• Byrd argues that Jacobson requires the government to prove predisposition only by evidence that existed before the government began its solicitation. This argument misstates the Jacobson holding (predisposition must be independent of government action).
  • Prompt response to each government mailing illustrates his predisposition.

 Connection Distributing v. Janet Reno

  • Challenged record keeping and labeling provisions require anyone publishing to maintain identification records and label the publication as to the location of those records

 Greene v. Reeves

  • Qualified Immunity

 United States v. Grossenheider

  • Non-government search followed by Government search "independent source" doctrine (distinct, untainted source).

 United States v. Hall

  • Evidence was discovered by private search \

 United States v. Katz

  • Whether the age of a model in a child pornography prosecution can be determined by a lay jury without the assistance of expert testimony.

 United States v. Kimbrough

  • Executing officer would reasonably know what items are to be seized
  • Seizure of all video and audio tapes was necessary because the titles of such tapes were not dispositive of their content and that the absence or presence of child pornography in such items could not be determined by a cursory examination on the premises.

United States v. Moore

  • Consent search for child pornography
  • Probable cause for arrest for child pornography

 United States v. Salvo

  • Consent search for child pornography

 United States v. Schmeltzer

  • General knowledge that the material is sexually oriented.

 United States v. Layne

  • Possession may be actual or constructive.
  • Possession is a continuing offense.
  • Knowing possession of illegal material is not a passive crime.

 United States v. Thomas

  • Propriety of venue: the site of the defendant's acts, the elements and nature of the crime, the locus of the effect of the criminal conduct, and the suitability of each district for accurate fact finding...

 United States v. Campos

  • Testimony regarding the meaning of a screen name registered to on-line accounts.

 United States v. Anderson

  • Exigent circumstances during controlled delivery of child pornography

 United States v. Fabiano

  • Defendant argues that the evidence was insufficient to prove that Defendant knew, prior to receiving the visual depictions, that the images depicted minors engaged in sexually explicit conduct.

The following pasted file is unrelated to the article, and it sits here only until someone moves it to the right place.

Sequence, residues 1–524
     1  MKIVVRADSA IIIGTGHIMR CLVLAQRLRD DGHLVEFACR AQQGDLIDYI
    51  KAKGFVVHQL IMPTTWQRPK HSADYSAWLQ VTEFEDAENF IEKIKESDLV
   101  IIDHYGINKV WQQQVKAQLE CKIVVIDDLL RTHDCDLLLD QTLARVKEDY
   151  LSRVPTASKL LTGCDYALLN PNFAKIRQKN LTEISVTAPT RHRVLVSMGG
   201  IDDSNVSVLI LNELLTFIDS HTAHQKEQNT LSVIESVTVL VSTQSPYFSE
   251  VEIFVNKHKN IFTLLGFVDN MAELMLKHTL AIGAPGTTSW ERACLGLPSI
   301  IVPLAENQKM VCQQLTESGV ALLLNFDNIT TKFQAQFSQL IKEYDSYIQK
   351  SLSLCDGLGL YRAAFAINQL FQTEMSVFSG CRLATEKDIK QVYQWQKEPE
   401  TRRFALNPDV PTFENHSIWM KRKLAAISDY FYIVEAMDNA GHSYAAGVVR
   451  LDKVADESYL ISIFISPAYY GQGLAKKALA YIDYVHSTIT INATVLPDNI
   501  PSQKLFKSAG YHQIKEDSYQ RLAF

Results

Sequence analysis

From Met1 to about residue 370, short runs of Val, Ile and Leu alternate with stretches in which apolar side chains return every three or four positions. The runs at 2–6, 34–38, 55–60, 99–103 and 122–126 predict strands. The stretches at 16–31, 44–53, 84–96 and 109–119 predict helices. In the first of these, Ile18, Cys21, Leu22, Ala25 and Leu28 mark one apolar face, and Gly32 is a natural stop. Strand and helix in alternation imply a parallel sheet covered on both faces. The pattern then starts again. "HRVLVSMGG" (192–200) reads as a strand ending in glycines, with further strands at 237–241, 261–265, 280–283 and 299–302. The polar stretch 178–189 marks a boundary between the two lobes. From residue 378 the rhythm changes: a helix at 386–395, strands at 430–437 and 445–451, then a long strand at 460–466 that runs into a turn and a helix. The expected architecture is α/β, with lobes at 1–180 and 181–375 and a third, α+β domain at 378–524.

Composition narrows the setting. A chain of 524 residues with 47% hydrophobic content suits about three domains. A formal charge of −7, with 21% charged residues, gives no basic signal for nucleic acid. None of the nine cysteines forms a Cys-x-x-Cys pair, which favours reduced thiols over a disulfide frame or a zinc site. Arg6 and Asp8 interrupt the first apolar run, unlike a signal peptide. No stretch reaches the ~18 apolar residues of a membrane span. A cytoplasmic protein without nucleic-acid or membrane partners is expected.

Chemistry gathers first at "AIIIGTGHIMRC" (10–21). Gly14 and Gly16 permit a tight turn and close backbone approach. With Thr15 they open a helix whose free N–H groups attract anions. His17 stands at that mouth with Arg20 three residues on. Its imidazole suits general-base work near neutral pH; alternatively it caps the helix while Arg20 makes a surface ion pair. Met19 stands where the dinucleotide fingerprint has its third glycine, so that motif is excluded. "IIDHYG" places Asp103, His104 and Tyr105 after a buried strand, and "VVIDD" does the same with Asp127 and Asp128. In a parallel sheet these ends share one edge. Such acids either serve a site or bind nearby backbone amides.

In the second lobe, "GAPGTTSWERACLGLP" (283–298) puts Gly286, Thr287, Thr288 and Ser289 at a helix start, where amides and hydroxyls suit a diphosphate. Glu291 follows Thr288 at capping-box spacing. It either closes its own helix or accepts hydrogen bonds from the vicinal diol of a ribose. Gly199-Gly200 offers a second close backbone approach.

United States v. Rowland

  • Anticipatory warrants based on delivery of contraband.

 United States v. Simpson

  • Probable cause for the issuance of a search warrant.
  • Other bad acts.

 United States v. Arvin

  • We hold that a depiction of a minor need not be obscene to satisfy the definition of "sexually explicit conduct" under the "lascivious exhibition of the genitals or public area" prong.

 United States v. Hotal

  • The search warrant triggering event for its execution is necessary.

 United States v. Lacy

  • Staleness/Probable cause.

 United States v. Mitchell

  • Sting operation known as Project Looking Glass did not constitute outrageous government conduct.

 United States v. Poehlman

  • Entrapment

 United States v. Ruddell

  • Anticipatory search warrants

 United States v. Weber

  • In this case, the "expert" testimony in the affidavit was foundationless. It consisted of rambling boilerplate recitations designed to meet all law enforcement needs.

 United States v. Tank

  • The sufficiency of the foundation for admission into evidence of chat room log printouts.

 State of Washington v. Townsend

  • Recording chats/emails and factial impossibitity

 United States v. Vig

  • Depictions of real children?

 United States v. Horn

  • Staleness of information discussed

 United States v. Imgrund

  • Definition of "distribution" and no need for pecuniary gain.

 United States v. Girard LaFortune

  • (1st Cir. 2008) Non-expert trier of fact regarding real v. virtual children in child pornography

New Hampshire v. Marshall Zidel

State v. Larose

  • (2008) New Hampshire Entrapment Defense

Please note that we do not accept reports of crimes via e-mail.


Links for Law Enforcement:

F.B.I.

U.S. Customs

Vermont Internet Crimes Task Force

High Technology Crime Investigation Association

Center for Missing and Exploited Children